Wells Fargo mortgage case in Baltimore dismissed

January 07, 2010
Baltimore's defeat in a lawsuit accusing Wells Fargo & Co of steering minority borrowers to expensive home loans may not derail efforts by local governments to hold the biggest mortgage providers responsible for lending they contend hurts cities.
     Nonetheless, the dismissal of Baltimore's two-year-old federal lawsuit is another setback to legal efforts by state and local governments to combat the economic and social costs of mounting foreclosures and falling housing prices.
     Baltimore was the first major American city to accuse a mortgage lender of violating the federal Fair Housing Act with predatory lending practices that exacerbated the nation's housing slump.
     On Wednesday, U.S. District Judge J. Frederick Motz dismissed its case. Last August, a federal judge dismissed a similar lawsuit brought by Birmingham, Alabama against Bank of America Corp and Citigroup Inc.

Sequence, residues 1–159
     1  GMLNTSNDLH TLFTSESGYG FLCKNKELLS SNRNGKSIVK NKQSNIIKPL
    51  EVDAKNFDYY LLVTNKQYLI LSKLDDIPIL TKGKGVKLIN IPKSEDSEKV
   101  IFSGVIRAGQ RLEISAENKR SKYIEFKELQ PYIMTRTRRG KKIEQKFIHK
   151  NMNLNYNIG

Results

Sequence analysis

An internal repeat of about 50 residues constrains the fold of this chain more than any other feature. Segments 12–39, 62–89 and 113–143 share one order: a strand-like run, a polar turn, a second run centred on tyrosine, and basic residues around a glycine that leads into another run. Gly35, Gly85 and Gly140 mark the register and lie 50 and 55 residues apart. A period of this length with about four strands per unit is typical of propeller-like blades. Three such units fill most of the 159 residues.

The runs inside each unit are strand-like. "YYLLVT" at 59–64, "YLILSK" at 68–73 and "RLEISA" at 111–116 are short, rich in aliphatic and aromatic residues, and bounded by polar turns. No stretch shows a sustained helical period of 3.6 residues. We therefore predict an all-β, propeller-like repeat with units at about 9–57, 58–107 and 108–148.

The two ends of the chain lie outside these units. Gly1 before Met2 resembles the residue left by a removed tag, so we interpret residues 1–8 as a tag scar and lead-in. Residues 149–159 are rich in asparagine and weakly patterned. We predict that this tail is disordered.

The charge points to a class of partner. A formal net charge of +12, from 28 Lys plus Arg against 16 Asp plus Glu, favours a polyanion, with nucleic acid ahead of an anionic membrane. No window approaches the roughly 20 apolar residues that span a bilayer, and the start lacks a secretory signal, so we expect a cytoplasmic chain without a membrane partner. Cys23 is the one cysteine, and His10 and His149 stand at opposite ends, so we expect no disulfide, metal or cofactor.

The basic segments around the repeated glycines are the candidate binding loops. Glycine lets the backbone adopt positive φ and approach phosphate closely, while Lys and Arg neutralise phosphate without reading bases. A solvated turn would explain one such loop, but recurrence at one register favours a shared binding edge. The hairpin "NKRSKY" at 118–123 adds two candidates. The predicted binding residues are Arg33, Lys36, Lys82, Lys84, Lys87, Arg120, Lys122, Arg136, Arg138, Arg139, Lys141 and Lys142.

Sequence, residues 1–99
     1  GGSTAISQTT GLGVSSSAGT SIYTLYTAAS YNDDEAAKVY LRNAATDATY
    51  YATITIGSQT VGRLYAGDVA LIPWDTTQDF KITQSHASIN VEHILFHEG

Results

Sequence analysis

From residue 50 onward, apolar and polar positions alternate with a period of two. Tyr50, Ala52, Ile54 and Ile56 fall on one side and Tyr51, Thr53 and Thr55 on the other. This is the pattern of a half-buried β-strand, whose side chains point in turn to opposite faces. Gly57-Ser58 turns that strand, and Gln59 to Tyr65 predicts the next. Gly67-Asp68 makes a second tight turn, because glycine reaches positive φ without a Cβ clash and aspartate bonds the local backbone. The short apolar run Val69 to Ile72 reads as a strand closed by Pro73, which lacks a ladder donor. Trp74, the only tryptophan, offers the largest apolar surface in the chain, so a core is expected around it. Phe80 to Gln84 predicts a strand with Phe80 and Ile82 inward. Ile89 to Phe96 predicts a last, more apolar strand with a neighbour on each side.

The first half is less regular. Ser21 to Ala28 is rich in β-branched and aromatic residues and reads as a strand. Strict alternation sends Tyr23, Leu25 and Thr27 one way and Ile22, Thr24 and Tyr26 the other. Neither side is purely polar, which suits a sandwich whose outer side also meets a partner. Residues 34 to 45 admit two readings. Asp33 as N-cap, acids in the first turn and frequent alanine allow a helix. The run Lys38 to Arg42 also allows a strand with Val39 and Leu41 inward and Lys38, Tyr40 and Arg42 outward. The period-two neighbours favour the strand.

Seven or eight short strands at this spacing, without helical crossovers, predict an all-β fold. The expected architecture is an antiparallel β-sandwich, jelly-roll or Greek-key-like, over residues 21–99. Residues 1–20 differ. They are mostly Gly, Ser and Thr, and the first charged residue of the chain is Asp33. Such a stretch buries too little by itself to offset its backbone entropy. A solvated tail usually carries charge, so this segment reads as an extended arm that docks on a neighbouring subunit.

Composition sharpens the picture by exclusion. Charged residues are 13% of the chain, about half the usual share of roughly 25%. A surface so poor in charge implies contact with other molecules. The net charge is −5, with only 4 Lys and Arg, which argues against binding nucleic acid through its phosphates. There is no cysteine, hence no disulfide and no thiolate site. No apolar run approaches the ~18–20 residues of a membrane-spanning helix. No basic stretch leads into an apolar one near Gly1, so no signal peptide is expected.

"It is difficult for cities to show a causal link between one lender's actions and overall economic blight," said Linda Fisher, a law professor at Seton Hall University in Newark, New Jersey who has written about reverse redlining and the correlation between race and subprime lending. "Cities may need to tailor their lawsuits more narrowly."